An unvaccinated individual in their early 20s became the youngest yet in Yuba County to succumb to COVID-19, according to Russ Brown, Media and Community Relations coordinator for the county.

With no known underlying medical conditions, the death marks a grim chapter in the rapidly increasing death and case rate for the Yuba-Sutter area.

“Every life lost during this pandemic is tragic, and yet it seems to hit our community particularly hard when we lose someone so young,” said Bi-County Health Officer Dr. Phuong Luu. “Last year COVID-19 was seen primarily as a threat to our older residents, but now the delta variant is proving itself to be persistent in reaching deeper into younger age groups. Vaccines are still the best and safest way to protect ourselves and our loved ones.” 

As of Friday, the number of area deaths related to COVID since the beginning of the pandemic stood at 178, according to the Yuba-Sutter COVID-19 dashboard, with two deaths total being reported.

The other death reported Friday was a Sutter County resident who was unvaccinated and in their late 80s, according to Chuck Smith, public information officer for Sutter County.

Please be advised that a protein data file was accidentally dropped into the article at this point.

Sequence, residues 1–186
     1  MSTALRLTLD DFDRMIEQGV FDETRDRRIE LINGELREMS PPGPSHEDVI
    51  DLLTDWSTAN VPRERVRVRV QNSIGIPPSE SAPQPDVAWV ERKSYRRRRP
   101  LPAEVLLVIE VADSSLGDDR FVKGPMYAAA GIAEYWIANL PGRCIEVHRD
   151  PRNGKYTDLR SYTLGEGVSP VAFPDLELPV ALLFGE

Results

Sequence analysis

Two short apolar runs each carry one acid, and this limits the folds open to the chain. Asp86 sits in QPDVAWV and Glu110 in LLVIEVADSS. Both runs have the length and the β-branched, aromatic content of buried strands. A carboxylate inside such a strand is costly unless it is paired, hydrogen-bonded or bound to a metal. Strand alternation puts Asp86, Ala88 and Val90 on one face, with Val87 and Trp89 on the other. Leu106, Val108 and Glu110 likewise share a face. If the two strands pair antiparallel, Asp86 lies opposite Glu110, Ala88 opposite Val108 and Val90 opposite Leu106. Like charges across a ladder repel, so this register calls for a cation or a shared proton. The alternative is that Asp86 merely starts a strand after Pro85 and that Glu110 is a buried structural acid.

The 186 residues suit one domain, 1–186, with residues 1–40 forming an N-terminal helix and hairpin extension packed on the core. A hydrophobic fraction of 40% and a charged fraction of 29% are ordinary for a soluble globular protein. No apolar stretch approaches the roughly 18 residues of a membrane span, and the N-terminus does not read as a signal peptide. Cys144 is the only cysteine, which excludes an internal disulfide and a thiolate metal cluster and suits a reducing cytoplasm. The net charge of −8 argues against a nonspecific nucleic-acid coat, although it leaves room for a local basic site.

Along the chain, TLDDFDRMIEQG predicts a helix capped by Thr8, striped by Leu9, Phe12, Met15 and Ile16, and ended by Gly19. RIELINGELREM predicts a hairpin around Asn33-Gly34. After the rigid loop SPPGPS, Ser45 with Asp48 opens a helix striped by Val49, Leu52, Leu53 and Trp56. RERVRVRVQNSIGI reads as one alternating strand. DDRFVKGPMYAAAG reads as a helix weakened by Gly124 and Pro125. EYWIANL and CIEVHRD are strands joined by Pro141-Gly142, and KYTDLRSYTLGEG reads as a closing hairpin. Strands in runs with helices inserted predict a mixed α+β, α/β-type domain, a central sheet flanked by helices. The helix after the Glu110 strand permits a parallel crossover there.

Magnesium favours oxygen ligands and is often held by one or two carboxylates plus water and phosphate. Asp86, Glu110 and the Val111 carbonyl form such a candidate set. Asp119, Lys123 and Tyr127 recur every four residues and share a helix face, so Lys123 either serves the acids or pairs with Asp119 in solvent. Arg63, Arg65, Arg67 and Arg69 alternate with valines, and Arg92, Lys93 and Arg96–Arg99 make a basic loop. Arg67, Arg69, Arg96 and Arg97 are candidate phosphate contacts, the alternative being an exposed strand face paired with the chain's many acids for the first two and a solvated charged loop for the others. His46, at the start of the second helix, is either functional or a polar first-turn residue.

Also on Friday, the number of active cases continued to stay above 1,700. 

Earlier this week, the number of active cases hit an all-time high with 1,528 cases reported. Since then, that number has risen nearly every day. 

On Thursday, the number of active cases stood at 1,768. On Friday, there were 1,762 active cases.

There are currently 73 hospitalizations related to COVID with 21 people listed as being in the intensive care unit.

On Wednesday night, Adventist Health/Rideout President Rick Rawson made the following plea in a video released to the public: “I’m asking for your help because we can all make a difference. We can make a difference in the health and well-being of our community if we can come together, get passed our divisions, and realize that the vaccination is the best way we can protect our schools, our children, our teachers, our economy, our loved ones and our community.”

For information on how to get a vaccine, visit yuba.org/vaccines or suttercounty.org/vaccine.

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